It’s been too long since the last good rock movie came along. Not just a movie that features a lot of good music, but one that makes you remember why you love rock ’n’ roll.
This isn’t to say there’s not some excellent tunes in Lucky Them, a charmingly funny film set and shot in Seattle and directed by Seattleite Megan Griffiths (Eden). Toni Collette stars as Ellie Klug, a music journalist at a struggling magazine whose editor (Oliver Platt) sends her out to track down a long-disappeared songwriter. The rub is that this elusive rock legend, Matthew Smith, happens to be her ex-boyfriend, who left her as high and dry as he did his many fans.
Ellie drinks her whiskey neat and spends more time sleeping with her subjects than she does actually turning in stories on them. This, among other self-destructive behaviors, is why Ellie is going to get fired if she can’t track down her ex and write a blockbuster story about where he’s been all these years — if, indeed, he’s actually still alive. Along the way, she teams up with a bored millionaire (a hilarious Thomas Haden Church) who has decided to become a documentarian and wants to follow Ellie around in an RV because he’s heard that filmmakers all have RVs.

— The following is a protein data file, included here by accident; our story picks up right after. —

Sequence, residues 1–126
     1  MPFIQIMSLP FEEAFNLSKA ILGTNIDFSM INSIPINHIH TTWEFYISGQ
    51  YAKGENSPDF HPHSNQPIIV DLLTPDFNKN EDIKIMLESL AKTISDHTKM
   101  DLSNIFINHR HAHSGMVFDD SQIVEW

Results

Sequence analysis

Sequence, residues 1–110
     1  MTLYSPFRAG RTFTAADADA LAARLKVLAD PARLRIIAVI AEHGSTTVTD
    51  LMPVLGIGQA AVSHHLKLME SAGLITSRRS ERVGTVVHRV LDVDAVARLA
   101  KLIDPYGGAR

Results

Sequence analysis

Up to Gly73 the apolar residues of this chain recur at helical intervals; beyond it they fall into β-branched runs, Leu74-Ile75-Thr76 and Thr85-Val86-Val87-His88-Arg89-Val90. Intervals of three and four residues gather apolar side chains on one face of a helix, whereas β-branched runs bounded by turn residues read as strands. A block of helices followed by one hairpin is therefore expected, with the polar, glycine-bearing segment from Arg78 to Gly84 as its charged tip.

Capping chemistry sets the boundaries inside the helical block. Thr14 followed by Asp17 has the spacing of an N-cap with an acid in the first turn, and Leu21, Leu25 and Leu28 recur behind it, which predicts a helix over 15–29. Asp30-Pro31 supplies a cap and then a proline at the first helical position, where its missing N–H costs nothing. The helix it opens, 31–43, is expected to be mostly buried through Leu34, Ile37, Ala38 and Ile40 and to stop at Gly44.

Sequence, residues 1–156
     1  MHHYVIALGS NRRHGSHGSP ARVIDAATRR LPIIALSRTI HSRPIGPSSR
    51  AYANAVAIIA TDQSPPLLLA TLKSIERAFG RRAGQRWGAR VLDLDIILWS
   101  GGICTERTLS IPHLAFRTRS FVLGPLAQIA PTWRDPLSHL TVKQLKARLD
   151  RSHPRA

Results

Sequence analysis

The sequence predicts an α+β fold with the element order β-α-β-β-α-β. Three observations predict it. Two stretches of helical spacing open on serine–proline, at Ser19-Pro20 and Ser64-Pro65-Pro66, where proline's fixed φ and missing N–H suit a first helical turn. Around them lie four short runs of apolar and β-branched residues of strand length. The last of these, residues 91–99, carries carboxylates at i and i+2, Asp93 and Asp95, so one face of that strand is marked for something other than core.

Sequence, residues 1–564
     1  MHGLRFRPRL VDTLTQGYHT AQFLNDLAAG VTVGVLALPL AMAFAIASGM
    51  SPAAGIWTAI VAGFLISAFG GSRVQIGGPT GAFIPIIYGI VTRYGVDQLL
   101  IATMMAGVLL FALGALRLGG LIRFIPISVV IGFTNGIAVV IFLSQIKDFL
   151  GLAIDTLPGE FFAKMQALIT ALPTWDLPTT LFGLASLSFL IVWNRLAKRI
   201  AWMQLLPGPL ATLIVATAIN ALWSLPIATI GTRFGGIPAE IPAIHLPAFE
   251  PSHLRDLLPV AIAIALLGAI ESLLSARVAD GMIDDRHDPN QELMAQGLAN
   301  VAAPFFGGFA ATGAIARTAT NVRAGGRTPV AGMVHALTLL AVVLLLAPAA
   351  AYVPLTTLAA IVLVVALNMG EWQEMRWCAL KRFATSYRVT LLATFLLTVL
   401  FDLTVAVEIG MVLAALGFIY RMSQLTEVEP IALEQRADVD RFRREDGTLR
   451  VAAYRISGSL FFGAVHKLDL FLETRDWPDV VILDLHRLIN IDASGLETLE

The movie’s Seattle setting and localized name-drops will warm the hearts of anyone who spent any time in that city’s music scene, and serves perhaps as a needed reminder for those who’ve forgotten Seattle’s place in the history of rock music. It works on a broader level, too, as it addresses the impact of music on its fans.
Collette is perfectly believable in her role, projecting the pain of love lost while remaining perfectly funny and quirky. She carries a story that’s breezily paced and gorgeously shot, even if the milieu is Seattle gray almost throughout. It would be a high crime to ruin the surprise at the end of the film when we finally get a glimpse of this rocker. Let’s just say the reveal is worth the price of admission alone. ♦